Reference Database

The Nature of Antibacterial Adaptive Immune Responses against Staphylococcus aureus Is Dependent on the Growth Phase and Extracellular Peptidoglycan.
Balraadjsing, Payal P
Lund, Lisbeth D
Souwer, Yuri
Zaat, Sebastian A J
Frøkiær, Hanne
de Jong, Esther C
Infection and immunity 2019 12 17;88: e00733-19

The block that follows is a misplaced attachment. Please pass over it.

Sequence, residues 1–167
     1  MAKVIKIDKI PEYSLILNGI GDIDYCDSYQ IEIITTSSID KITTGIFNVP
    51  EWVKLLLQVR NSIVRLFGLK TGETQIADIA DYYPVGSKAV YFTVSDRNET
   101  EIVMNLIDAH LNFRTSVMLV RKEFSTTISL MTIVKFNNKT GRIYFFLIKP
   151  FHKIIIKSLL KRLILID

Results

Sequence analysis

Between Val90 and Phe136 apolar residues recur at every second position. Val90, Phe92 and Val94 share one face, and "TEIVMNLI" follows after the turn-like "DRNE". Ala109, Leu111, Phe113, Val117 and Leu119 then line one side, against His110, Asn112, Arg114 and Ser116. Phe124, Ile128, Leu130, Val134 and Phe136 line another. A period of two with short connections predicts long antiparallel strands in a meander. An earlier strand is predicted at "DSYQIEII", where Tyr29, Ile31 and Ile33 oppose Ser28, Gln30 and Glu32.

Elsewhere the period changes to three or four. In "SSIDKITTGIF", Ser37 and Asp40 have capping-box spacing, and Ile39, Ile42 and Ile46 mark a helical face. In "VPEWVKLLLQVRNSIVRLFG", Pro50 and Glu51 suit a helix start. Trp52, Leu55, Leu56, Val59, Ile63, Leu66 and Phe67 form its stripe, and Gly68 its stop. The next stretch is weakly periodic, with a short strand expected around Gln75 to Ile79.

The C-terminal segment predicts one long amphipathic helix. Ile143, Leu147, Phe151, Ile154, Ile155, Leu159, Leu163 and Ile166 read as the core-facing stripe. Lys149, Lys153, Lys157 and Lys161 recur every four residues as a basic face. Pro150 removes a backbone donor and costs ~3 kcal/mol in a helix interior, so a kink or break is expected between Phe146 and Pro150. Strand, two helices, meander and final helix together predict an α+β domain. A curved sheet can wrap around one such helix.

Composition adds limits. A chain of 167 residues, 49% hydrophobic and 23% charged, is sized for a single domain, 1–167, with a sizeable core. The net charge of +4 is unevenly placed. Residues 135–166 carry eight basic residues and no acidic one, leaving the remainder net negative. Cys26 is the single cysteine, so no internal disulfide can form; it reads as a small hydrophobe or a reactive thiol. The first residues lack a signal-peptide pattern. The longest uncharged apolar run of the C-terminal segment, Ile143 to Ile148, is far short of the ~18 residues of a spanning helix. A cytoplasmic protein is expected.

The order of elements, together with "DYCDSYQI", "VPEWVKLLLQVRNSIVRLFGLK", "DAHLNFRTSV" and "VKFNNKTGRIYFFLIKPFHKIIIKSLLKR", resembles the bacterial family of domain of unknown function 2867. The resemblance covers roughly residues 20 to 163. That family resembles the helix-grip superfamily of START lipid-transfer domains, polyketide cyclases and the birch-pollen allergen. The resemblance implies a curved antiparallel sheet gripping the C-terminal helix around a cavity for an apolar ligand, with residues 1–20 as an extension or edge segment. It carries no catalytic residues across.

Staphylococcus aureus has evolved different strategies to evade the immune response, which play an important role in its pathogenesis. The bacteria express and shed various cell wall components and toxins during different stages of growth that may affect the protective T cell responses to extracellular and intracellular S. aureus. However, if and how the dendritic cell (DC)-mediated T cell response against changes during growth of the bacterium remain elusive. In this study, we show that exponential-phase (EP) S. aureus bacteria were endocytosed very efficiently by human DCs, and these DCs strongly promoted production of the T cell polarizing factor interleukin-12 (IL-12). In contrast, stationary-phase (SP) S. aureus bacteria were endocytosed less efficiently by DCs, and these DCs produced small amounts of IL-12. The high level of IL-12 production induced by EP S. aureus led to the development of a T helper 1 (Th1) cell response, which was inhibited after neutralization of IL-12. Furthermore, preincubation with the staphylococcal cell wall component peptidoglycan (PGN), characteristically shed during the exponential growth phase, modulated the DC response to EP S. aureus PGN preincubation appeared to inhibit IL-12p35 expression, leading to downregulation of IL-12 and an increase of IL-23 production by DCs, enhancing Th17 cell development. Taken together, our data indicate that exponential-phase S. aureus bacteria induce a stronger IL-12-dependent Th1 cell response than stationary-phase S. aureus and that this Th1 cell response shifted toward a Th17 cell response in the presence of PGN.

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